Those individuals with the most say over what happens in American classrooms are often several decades and pay grades removed from them. Some, like the philanthropist Bill Gates and College Board president David Coleman, have never taught in a K-12 school at all. This fact has not hindered them from drastically altering the landscape of the American classroom in recent years. Thanks to Gates’s $200 million push for the Common Core and Coleman’s reengineering of the SAT, public education has grown increasingly data-driven. Instruction focuses on analytical skills and points to measurable outcomes and standards, and more and more schoolwork occurs on computers and other electronic devices. But who reports what these changes actually look like from the ground?
Enter Nicholson Baker, the award-winning novelist whose trademark is his attention to the quotidian: his work includes the steamy Vox, which consists entirely of dialogue on a phone-sex line, and Mezzanine, which occurs entirely during an escalator ride. In many ways he is the ideal writer to chronicle the minutiae of a modern school day. Spurred by a desire “to know what life in classrooms was really like,” he spends twenty-eight days as a substitute teacher in a public school district near his home in Maine, and records what he observes.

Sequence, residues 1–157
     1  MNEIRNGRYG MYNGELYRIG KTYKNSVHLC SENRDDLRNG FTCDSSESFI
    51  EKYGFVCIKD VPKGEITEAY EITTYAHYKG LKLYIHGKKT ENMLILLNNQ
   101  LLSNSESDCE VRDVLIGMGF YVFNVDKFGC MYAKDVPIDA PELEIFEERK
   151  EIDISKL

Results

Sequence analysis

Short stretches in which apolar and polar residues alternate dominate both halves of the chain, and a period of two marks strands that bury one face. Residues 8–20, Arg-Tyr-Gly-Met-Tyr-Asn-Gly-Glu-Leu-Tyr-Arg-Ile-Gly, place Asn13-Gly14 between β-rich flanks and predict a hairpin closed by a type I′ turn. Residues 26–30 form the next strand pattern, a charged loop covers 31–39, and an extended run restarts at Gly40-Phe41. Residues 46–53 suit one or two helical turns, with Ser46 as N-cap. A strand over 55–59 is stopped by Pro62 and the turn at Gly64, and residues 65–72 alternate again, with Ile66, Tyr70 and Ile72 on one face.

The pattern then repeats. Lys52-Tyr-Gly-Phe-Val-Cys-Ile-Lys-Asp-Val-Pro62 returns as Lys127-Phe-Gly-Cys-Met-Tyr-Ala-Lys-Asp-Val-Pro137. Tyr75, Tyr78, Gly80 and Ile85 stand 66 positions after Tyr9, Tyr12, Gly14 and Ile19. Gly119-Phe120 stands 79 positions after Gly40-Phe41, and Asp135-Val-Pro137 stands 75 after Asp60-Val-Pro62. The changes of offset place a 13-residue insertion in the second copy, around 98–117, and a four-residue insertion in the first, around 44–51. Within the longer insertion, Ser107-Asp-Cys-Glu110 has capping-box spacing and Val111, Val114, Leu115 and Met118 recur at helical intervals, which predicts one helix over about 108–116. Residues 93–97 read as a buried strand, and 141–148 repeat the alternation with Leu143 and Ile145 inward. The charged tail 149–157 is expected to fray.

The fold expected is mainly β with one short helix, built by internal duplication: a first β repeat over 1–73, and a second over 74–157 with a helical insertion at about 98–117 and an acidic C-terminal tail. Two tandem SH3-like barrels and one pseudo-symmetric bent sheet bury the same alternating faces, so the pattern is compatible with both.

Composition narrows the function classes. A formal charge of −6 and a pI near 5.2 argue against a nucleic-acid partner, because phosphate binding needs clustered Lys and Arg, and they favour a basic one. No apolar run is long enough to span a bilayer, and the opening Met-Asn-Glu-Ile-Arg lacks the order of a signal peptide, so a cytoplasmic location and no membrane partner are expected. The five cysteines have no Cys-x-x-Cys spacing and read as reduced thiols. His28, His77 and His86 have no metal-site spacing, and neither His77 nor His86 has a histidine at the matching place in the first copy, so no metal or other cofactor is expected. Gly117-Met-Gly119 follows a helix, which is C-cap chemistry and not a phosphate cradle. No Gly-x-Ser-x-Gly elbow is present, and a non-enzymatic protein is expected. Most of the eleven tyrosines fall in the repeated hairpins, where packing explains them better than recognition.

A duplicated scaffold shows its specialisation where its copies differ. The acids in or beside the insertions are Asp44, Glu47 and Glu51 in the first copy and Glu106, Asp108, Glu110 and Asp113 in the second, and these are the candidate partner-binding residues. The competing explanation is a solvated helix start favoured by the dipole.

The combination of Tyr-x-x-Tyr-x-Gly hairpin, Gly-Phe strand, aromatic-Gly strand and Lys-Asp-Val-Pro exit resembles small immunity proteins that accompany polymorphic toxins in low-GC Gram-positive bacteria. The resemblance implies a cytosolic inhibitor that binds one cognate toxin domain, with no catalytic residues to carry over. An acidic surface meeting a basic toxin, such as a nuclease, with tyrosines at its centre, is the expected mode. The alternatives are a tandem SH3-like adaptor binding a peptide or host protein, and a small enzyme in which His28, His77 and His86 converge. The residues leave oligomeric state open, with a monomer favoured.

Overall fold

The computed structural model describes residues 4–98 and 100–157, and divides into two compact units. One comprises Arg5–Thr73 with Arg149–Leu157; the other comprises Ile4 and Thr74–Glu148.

The result is Substitute: Going to School with a Thousand Kids, by far the most accurate portrayal to date of the modern American classroom. Teachers will instantly recognize the fragmented tedium Baker depicts—P.A. announcements, online learning games, worksheets, PowerPoint presentations—and the often heroic effort of students and teachers to carry on in spite of it. Baker’s painstaking attention to detail means that Substitute’s 700-plus pages are difficult to get through, but this is a necessary price to pay for a book that shows how the sausage is made.
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